When the decision was made to move Ryan O’Reilly out of his centreman role, the Colorado forward did more than just wing it.
A log-jam of top talent at the centre position meant there would have to be alterations to the Avalanche lineup before the 2013-14 NHL season got underway.
When head coach Patrick Roy tabbed the 23-year-old O’Reilly to play left wing, it was hardly a punishment. Instead, it was a show of faith from the first-year bench boss, and an opportunity for a versatile young star.
“It was a challenge, but I was focused on doing what it took to contribute,” said O’Reilly. “Obviously, it was different from what I was used to. But, at the same time, when you get to play with guys like Matt Duchene, PA Parenteau and Jamie McGinn, you feel pretty fortunate.”
The Colorado trio could the same about O’Reilly, who was recently named as a finalist for the 2014 Lady Byng Trophy.
Despite having to make the adjustment to the wing, a position he played with Team Canada at the World Championships, O’Reilly didn’t miss a beat this season.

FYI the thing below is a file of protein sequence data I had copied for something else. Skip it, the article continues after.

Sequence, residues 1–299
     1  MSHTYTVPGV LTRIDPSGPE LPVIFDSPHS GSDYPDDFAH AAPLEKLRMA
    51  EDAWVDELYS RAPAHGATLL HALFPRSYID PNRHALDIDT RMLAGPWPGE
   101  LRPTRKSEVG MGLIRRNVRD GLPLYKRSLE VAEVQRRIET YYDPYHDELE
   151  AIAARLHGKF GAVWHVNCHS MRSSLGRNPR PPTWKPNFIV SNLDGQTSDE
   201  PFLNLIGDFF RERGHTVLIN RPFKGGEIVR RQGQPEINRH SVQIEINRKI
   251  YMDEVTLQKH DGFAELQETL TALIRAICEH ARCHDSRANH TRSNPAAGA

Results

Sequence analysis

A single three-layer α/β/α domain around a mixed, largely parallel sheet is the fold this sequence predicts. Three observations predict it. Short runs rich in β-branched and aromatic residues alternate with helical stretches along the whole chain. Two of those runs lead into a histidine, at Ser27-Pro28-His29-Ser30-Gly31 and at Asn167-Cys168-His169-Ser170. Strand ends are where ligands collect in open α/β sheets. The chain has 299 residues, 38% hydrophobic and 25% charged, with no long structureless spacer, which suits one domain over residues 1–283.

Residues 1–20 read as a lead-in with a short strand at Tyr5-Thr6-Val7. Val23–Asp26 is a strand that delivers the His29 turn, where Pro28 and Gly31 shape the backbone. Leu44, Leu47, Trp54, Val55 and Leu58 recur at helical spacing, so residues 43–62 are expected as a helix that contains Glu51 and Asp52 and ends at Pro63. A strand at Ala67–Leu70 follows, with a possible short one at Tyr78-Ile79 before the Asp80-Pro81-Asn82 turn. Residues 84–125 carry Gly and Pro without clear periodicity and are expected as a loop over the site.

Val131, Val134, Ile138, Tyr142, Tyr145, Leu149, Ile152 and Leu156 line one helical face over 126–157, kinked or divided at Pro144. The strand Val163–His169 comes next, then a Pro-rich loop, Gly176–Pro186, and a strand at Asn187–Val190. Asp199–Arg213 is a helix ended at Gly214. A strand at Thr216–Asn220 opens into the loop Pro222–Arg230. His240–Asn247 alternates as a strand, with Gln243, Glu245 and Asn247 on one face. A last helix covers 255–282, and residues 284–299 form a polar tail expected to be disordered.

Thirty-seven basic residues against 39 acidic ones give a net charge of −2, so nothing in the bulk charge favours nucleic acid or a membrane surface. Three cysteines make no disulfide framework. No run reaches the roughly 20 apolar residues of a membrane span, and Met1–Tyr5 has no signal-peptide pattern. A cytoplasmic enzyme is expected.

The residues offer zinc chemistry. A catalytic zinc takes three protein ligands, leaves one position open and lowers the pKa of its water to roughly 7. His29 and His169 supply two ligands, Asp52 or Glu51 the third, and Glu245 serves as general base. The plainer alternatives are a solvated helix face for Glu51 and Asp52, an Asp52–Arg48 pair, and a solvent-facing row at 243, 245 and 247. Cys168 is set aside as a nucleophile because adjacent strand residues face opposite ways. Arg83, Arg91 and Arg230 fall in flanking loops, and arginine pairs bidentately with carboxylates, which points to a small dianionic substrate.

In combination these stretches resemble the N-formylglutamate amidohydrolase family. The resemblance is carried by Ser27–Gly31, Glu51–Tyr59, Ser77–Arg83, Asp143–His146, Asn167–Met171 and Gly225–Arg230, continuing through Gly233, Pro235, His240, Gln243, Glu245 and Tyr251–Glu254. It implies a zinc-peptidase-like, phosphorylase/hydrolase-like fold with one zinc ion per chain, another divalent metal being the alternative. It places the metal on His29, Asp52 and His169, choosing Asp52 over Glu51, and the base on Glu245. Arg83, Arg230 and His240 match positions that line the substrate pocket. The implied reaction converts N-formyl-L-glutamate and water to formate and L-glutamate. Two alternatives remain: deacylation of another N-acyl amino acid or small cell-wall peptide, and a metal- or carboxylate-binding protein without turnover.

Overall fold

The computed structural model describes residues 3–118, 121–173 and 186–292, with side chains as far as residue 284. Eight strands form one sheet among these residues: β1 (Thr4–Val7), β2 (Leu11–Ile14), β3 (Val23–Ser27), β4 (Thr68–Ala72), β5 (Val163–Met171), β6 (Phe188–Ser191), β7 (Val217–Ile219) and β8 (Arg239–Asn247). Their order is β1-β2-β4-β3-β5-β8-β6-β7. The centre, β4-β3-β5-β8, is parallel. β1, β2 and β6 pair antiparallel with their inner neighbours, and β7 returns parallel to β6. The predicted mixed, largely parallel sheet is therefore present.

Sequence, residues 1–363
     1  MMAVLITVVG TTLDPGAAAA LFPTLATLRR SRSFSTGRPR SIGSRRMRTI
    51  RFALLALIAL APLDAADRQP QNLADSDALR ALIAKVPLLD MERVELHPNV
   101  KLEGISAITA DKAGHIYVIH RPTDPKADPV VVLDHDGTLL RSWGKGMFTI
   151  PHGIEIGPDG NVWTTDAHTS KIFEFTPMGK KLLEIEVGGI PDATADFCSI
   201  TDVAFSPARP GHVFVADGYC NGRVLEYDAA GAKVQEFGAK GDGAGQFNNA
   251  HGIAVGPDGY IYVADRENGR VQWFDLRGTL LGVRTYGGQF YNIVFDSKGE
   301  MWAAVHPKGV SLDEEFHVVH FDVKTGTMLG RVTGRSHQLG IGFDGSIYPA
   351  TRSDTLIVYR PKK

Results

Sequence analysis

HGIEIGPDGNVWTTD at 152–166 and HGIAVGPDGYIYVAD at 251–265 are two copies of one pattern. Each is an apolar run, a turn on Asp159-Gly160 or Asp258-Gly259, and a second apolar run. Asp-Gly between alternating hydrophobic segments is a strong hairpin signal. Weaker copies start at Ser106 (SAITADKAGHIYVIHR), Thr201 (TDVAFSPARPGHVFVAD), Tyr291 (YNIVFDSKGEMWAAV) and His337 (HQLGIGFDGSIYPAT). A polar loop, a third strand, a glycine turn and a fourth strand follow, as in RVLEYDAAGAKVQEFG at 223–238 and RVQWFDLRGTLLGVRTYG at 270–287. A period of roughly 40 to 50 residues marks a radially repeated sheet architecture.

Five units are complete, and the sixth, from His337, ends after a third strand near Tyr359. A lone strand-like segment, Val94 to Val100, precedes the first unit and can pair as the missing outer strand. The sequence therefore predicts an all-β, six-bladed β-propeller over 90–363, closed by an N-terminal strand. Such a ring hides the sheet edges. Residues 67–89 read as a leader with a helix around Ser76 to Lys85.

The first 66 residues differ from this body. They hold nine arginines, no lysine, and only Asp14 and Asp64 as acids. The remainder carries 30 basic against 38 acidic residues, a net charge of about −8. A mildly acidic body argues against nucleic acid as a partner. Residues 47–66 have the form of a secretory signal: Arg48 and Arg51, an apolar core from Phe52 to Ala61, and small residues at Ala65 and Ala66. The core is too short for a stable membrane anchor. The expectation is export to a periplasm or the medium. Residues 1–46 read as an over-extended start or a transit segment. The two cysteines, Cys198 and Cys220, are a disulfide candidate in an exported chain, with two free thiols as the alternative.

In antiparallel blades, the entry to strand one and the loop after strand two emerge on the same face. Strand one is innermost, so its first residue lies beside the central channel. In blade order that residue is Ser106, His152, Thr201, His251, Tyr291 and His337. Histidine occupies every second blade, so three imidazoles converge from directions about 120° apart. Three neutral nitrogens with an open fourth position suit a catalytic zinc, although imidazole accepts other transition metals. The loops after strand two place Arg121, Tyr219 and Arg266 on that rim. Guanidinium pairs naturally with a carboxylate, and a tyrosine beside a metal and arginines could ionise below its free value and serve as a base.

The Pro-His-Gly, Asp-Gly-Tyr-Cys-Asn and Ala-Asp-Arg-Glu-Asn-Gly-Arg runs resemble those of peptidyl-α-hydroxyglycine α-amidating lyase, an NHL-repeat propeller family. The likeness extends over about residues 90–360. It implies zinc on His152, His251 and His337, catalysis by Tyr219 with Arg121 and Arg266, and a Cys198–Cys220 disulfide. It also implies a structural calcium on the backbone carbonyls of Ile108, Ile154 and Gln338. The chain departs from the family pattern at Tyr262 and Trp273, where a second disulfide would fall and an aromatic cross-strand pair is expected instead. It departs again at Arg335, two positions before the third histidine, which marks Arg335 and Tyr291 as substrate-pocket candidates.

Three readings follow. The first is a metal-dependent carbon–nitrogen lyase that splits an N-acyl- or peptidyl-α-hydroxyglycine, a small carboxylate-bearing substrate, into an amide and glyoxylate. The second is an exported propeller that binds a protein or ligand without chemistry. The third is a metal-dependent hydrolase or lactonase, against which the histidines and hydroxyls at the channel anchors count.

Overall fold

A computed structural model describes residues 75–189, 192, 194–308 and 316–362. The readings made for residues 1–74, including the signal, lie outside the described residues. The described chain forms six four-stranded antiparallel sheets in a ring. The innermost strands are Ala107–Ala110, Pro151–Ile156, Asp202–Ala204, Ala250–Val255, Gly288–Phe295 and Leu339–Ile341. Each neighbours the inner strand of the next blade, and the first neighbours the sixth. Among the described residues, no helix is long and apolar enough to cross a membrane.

In 80 games, he scored 28 goals and had 64 points.
On April 17, O’Reilly played a big part in Colorado’s come-from-behind, 5-4 overtime win against Minnesota, in their Western Conference quarterfinal series.
O’Reilly contributed a goal and an assist, earning second star recognition for his efforts. In game two, a 4-2 Avalanche win, the Ontario native skated 20-plus minutes, blocking two shots and winning eight of 13 face-offs.
After six games, with the series knotted at three, O’Reilly has two goals and six points, along with a plus-4 rating.
While Colorado wasn’t picked by many to make the playoffs, let alone finish second in the West, O’Reilly saw things quite differently.
And it was far from just wishful thinking.
“There was an energy and enthusiasm from the start of training camp, a nice feeling,” recalled O’Reilly. “But, it was after Christmas, when things had gone well up to that point, where we really carried on. We didn’t miss a beat. If we had a bad game or two, we knew we could right things. When you combine that with great leadership, we felt very confident as a group.”
But, by no means satisfied.
“We were always hungry for the next game, win or lose,” said O’Reilly. “When we locked up a playoff spot, we were happy. But, we also recognized we still had work to do, goals to accomplish.”
What is it exactly that makes the Avs a tough team to compete with?
“There are a few things,” said O’Reilly. “Our speed is excellent and that really helps us. And our goaltending has been phenomenal, too. I think it comes down to having a good balance in every part of the game. We really believe in one another.”